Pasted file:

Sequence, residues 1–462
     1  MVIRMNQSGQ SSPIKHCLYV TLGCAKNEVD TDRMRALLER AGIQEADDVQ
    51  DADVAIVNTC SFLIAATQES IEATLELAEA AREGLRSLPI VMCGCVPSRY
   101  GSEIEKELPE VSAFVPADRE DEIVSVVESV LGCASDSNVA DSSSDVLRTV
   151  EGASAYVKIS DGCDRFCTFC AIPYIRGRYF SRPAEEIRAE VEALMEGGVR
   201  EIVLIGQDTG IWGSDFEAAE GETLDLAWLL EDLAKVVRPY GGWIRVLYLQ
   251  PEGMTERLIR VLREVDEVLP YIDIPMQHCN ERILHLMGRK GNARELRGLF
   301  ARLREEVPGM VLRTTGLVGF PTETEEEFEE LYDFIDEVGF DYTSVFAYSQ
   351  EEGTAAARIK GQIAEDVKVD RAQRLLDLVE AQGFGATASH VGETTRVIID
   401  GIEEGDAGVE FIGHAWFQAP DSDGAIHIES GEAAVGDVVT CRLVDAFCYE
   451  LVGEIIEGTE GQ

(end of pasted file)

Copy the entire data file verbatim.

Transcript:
Sequence, residues 1–462
     1  MVIRMNQSGQ SSPIKHCLYV TLGCAKNEVD TDRMRALLER AGIQEADDVQ
    51  DADVAIVNTC SFLIAATQES IEATLELAEA AREGLRSLPI VMCGCVPSRY
   101  GSEIEKELPE VSAFVPADRE DEIVSVVESV LGCASDSNVA DSSSDVLRTV
   151  EGASAYVKIS DGCDRFCTFC AIPYIRGRYF SRPAEEIRAE VEALMEGGVR
   201  EIVLIGQDTG IWGSDFEAAE GETLDLAWLL EDLAKVVRPY GGWIRVLYLQ
   251  PEGMTERLIR VLREVDEVLP YIDIPMQHCN ERILHLMGRK GNARELRGLF
   301  ARLREEVPGM VLRTTGLVGF PTETEEEFEE LYDFIDEVGF DYTSVFAYSQ
   351  EEGTAAARIK GQIAEDVKVD RAQRLLDLVE AQGFGATASH VGETTRVIID
   401  GIEEGDAGVE FIGHAWFQAP DSDGAIHIES GEAAVGDVVT CRLVDAFCYE
   451  LVGEIIEGTE GQ